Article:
February 4, 2016

ATHENS: APOSTLE PAUL PREACHES TO PHILOSOPHERS


ATHENS: APOSTLE PAUL PREACHES TO PHILOSOPHERS

Site of a Synagogue and the Agora, where Paul discussed philosophy with Athenian philosophers
Location of the Areopagus, a law court of the Athenians, where Paul praised Greeks for their attention to searching for God
Here Paul gave his famous speech concerning the altar to an Unknown God, where he argues that the Unknown God whom the Greeks were worshiping was the God of the Bible
Paul was taken to Athens from Berea, after escaping angry crowds in that city (Acts 17:13-15).  After speaking in the synagogue of the city, he then went to the Agora and spoke for several days with Greek philosophers (Acts 17:16-18).  He was then taken to the Areopagus, the most prestigious Court for the Athenians.  It was here that he gave his famous speech referencing the altar to the Unknown God, where he preached the Gospel (Acts 17:19-31). Receiving a mixed reaction, he stayed in Athens for several more days.  Some people believed, including Dionysius the Areopagite, a leading member of the council (Acts 17:32-34).  Although there is no record of a church created at that time and no known letter written later by Paul to the Athenians, this episode shows the ability of Paul to be culturally relevant and to speak not only to Jews but also to Greeks.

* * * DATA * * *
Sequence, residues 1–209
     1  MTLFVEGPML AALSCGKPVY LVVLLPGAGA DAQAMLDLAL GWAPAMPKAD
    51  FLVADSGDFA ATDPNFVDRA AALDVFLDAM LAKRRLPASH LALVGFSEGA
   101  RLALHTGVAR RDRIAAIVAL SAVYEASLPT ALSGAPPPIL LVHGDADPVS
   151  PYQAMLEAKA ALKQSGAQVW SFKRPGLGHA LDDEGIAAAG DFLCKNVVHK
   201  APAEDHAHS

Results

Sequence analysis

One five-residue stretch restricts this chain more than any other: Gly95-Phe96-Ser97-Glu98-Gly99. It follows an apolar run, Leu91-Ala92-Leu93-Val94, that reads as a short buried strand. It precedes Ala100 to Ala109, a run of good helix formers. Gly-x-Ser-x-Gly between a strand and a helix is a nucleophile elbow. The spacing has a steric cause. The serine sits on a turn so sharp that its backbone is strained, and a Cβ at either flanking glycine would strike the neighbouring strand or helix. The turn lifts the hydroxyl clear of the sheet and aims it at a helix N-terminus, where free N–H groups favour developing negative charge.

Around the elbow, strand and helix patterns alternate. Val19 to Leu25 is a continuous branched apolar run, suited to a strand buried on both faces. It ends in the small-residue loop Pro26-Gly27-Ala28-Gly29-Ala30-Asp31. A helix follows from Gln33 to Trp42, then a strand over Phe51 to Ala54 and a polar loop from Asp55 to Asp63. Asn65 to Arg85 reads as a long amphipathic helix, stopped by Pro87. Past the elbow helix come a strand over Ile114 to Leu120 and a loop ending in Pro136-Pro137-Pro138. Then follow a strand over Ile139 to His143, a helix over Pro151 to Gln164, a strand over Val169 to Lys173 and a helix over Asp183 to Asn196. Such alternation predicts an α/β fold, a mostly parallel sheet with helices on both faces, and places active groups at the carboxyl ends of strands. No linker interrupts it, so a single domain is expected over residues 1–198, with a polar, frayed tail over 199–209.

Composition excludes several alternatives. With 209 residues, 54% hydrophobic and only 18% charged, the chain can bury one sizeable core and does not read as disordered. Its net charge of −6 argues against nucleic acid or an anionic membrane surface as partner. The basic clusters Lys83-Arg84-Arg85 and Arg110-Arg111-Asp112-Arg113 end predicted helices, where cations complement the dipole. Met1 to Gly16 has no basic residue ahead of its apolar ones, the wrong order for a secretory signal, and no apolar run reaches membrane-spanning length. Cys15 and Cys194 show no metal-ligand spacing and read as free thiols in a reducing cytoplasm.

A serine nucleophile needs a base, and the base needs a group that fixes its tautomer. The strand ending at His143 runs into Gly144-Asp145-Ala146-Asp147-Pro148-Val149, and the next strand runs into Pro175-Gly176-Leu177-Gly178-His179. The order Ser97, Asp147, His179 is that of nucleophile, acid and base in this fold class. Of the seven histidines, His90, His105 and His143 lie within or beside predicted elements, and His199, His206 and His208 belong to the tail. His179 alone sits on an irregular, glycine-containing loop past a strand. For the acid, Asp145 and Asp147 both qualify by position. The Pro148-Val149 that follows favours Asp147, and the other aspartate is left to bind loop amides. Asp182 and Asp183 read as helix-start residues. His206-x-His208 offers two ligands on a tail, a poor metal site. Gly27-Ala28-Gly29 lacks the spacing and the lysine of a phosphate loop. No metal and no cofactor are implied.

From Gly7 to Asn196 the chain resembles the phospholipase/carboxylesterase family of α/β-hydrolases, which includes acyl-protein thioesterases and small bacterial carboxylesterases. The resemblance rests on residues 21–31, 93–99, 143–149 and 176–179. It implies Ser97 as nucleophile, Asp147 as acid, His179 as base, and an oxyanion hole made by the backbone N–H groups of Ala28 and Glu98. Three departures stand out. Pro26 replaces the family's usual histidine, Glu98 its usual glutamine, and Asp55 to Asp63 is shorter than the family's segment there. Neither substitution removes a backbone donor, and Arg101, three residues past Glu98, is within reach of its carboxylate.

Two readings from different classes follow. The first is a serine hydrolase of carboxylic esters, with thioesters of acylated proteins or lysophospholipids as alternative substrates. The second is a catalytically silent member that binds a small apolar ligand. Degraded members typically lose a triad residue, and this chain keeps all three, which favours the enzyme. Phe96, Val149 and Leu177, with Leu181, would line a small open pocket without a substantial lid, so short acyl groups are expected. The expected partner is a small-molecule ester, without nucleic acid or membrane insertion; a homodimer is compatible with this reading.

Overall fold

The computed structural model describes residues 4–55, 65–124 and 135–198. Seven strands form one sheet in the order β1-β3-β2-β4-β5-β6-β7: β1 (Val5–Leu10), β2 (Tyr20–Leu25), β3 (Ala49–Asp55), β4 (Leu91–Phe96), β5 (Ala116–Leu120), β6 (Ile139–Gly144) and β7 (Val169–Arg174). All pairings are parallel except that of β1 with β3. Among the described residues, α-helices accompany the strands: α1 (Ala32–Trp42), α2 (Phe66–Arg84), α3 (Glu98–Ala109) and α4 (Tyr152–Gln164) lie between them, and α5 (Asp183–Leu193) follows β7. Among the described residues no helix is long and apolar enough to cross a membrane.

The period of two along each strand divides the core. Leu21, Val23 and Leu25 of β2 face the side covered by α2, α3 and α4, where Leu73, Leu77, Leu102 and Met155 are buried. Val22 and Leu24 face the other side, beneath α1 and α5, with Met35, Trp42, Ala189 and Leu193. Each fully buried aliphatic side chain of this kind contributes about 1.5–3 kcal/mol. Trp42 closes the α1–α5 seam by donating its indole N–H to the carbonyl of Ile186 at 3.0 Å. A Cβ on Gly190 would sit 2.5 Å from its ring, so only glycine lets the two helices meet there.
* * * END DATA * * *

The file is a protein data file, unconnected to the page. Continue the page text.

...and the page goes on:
Although its Acropolis was inhabited during Neolithic and Mycenaean times, Athens began to grow in power during the Archaic period (the eighth through sixth centuries BC).  Under influential leaders, such as Solon and Peisistratus, Athens unified its power in Attica (the area surrounding the city).  It soon became a cultural center for all of Greece, with its advances in theater, music,  architecture, laws, and politics.  Having repulsed the attacks of the Persians in 490 and 480 (although the Persians sacked Athens and destroyed much of the city), Athens became the center of a political and military empire over much of the Aegean.  At the head of the Delian League, Athens amassed a great fortune, through which it built up great monuments, such as the Parthenon.  After its defeat against Sparta in the Peloponnesian War in 404 BC, Athens see-sawed back and forth between democracy and oligarchy, until it ultimately succumbed to the Macedonians.  In 86 BC, Athens was sacked by the Roman Sulla, and many major structures suffered damage.  Although still an educational center, with many of the great Romans coming to Athens to study philosophy, the city was no longer a political power.  Receiving a boost from Greek-loving Roman emperors in the second century AD, Athens was sacked again in the late third century, and the schools of philosophy were closed by the emperor Justinian in the early sixth century.  During the Byzantine and Ottoman empires, Athens was a backwater.  It, however, was chosen to be the capital city of the new nation of Greece in 1833, gradually becoming the major center it is today, with approximately a third of the country (four out of twelve million) as part of its population.